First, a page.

ECHO Entertainment is understood to be on the brink of announcing John Redmond, the former joint chief executive of US casino giant MGM Mirage, to take charge as the Star City casino operator's new chief executive.
The odds on Mr Redmond firmed this week as industry sources suggested the candidate would begin his duties in a month - a requirement that could only be met by a person who already had probity clearance. This realistically narrows the field to one of Crown's senior management, Mr Redmond or Echo's finance director, Mat Bekier.
Given Mr Redmond has been on the board of Echo since September, he has already crossed this regulatory hurdle. Mr Bekier ruled himself out of the running last month but confirmed the new chief executive appointment would be made by the end of December.
BusinessDay was unable to contact Echo chairman John O'Neill, who was locked away in an unscheduled board meeting.
Mr Redmond, 55, has the gaming pedigree to take up the role, but has a herculean task in going head to head with James Packer's casino operator Crown, which is seeking approval to build a second Sydney casino in 2019 when Echo's exclusive New South Wales licence expires.
An integral part of his job will be to help repair Echo's damaged relationship with the NSW government, which has already indicated its willingness to grant Crown a licence to operate a gaming venue at Barangaroo on Sydney's foreshore.
It's a position that thanks to successful lobbying by Crown has resulted in support from both sides of politics.
Crown was initially seeking to undertake a joint venture with Echo's Star casino but more recently has stepped up plans to gain approval to build the $1 billion Barangaroo project, which will be ready to open its doors when Echo's exclusive period runs out.
Echo has already heralded plans to expand its Pyrmont site in Sydney into an integrated retail and entertainment precinct - the details of which are yet to be announced.
Echo has just begun to mount an offensive, saying that without the financial drain of a second casino it would be able to use its cash flow to expand its Sydney operation to build a more integrated property, attracting VIP customers from Asia to expand the tourist market.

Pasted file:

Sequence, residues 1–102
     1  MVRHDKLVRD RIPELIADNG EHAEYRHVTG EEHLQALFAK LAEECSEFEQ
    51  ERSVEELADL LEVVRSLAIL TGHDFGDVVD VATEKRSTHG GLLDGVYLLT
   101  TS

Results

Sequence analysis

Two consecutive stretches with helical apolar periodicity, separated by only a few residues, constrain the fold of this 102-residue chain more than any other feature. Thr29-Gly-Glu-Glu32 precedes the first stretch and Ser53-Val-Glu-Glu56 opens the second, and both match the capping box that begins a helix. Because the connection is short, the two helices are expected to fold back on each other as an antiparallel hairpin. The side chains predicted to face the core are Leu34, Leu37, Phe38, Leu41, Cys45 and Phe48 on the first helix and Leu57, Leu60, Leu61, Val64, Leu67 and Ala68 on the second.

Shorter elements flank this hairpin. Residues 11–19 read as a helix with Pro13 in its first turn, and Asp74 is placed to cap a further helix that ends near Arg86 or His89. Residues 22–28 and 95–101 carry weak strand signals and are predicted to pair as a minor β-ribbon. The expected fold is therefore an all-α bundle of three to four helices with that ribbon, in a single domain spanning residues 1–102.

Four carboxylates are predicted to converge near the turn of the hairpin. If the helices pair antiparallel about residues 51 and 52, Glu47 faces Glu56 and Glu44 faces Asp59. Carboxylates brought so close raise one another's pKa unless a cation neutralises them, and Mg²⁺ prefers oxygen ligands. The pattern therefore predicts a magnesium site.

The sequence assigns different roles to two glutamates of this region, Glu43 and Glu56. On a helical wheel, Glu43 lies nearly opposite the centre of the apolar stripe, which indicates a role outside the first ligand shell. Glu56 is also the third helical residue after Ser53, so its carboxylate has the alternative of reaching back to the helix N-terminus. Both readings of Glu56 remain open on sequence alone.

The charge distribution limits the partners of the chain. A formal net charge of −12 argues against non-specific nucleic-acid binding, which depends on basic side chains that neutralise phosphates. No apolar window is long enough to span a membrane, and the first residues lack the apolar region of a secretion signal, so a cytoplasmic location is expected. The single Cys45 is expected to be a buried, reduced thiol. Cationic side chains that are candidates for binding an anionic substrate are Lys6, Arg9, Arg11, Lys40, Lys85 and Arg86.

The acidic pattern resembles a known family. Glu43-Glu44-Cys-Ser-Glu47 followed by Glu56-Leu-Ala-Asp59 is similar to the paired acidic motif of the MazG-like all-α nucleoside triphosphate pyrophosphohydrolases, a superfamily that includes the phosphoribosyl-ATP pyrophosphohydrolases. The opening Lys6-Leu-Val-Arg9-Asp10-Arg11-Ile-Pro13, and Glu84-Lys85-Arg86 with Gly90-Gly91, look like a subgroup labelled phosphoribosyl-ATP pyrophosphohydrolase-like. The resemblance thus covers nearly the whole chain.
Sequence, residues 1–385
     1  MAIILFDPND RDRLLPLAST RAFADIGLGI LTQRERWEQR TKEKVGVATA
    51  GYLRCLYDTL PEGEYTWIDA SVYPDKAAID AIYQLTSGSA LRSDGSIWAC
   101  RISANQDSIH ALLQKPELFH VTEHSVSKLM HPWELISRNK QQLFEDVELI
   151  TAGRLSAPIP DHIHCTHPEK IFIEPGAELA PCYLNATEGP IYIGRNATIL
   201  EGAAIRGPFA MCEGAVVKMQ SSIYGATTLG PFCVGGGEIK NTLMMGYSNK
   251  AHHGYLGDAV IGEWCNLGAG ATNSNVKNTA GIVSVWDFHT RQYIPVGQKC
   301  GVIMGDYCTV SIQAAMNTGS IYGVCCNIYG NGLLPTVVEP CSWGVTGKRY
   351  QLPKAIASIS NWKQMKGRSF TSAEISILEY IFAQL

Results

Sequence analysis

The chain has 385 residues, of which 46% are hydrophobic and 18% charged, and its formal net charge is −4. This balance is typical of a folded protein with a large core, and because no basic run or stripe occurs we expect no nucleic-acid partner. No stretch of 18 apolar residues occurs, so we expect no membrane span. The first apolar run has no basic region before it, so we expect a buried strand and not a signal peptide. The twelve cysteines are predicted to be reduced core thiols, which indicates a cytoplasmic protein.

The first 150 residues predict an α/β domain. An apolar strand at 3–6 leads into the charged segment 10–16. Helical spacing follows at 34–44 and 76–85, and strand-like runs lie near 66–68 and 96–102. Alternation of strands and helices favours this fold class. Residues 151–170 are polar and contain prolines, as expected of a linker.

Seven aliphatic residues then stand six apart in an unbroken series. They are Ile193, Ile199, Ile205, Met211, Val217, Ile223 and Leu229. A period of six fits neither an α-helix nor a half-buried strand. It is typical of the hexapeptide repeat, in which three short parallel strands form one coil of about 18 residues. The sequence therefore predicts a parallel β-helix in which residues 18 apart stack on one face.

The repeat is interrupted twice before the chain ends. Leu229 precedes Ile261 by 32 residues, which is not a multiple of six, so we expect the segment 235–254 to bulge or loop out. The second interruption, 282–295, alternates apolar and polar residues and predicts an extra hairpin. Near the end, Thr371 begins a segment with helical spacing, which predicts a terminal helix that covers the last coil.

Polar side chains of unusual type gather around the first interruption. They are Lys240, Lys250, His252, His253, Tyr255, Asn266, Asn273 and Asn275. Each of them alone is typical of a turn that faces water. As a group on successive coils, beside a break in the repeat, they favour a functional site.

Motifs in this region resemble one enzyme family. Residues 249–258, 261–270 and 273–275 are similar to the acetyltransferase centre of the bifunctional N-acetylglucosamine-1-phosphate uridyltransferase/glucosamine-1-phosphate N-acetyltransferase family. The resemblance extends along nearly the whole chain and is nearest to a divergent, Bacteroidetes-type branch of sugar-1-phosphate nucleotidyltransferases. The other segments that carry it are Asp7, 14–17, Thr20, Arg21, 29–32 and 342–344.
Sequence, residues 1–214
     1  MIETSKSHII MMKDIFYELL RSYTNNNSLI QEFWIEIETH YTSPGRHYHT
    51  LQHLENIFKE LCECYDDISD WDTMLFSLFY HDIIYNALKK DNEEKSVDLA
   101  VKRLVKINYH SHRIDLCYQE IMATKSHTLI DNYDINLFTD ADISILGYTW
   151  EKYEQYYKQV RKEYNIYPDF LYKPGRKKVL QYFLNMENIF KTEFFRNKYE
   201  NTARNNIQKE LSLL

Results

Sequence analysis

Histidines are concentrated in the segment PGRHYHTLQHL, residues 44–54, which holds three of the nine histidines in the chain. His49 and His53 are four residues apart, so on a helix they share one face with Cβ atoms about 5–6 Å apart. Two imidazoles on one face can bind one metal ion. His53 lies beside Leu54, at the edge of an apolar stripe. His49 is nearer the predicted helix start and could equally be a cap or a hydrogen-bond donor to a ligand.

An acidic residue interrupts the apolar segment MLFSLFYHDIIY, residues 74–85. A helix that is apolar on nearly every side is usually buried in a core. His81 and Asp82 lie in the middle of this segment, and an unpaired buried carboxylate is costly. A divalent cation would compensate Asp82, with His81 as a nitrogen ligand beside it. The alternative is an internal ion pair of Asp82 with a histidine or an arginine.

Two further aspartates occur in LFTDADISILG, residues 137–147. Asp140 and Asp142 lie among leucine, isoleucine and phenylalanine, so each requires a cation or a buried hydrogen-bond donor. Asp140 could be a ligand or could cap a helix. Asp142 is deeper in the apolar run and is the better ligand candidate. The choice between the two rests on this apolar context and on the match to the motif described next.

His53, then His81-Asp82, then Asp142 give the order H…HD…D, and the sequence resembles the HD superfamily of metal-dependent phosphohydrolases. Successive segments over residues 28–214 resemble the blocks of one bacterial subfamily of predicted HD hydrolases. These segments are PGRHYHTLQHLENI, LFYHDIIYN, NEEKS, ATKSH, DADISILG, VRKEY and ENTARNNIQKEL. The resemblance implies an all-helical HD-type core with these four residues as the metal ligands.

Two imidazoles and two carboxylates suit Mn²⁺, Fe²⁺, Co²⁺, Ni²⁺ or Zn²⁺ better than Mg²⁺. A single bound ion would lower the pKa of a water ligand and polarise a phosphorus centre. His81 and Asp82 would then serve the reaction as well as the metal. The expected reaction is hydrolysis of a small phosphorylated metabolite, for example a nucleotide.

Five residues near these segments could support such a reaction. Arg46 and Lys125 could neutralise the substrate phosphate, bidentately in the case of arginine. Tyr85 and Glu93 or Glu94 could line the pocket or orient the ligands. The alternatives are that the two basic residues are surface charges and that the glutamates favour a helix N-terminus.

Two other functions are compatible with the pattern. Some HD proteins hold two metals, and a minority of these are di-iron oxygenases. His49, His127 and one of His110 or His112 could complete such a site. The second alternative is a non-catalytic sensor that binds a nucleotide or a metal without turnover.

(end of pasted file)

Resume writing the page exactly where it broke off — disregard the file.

Mr Packer disagrees. "This is the same small-minded thinking which has held Sydney back," he has said. "As one of the largest investors in The Star it's disappointing their management don't seem to understand the opportunities provided by the emerging Asian tourism market."
The appointment of a new chief executive at Echo follows a difficult year for the casino group, which resulted in the forced departure of its former chairman John Story and chief executive Larry Mullin, and the boss of the Star casino under controversial circumstances.
Crown is still awaiting clearance from regulatory authorities to increase its 10 per cent stake in Echo to 25 per cent. Asian gaming giant Genting also has a stake in Echo, and also has sought approval to move to 25 per cent. However, it has not given any indication whether it wants to work with Echo to develop its properties or use its stake as a bargaining chip to do a deal with Mr Packer in Asia.
It will be up to Mr Redmond to set a strategy for Echo to revive its performance and import the expertise he has gained from the US into the Australian market.
Any joint venture between Echo and Genting could include developing the Brisbane and Gold Coast casinos.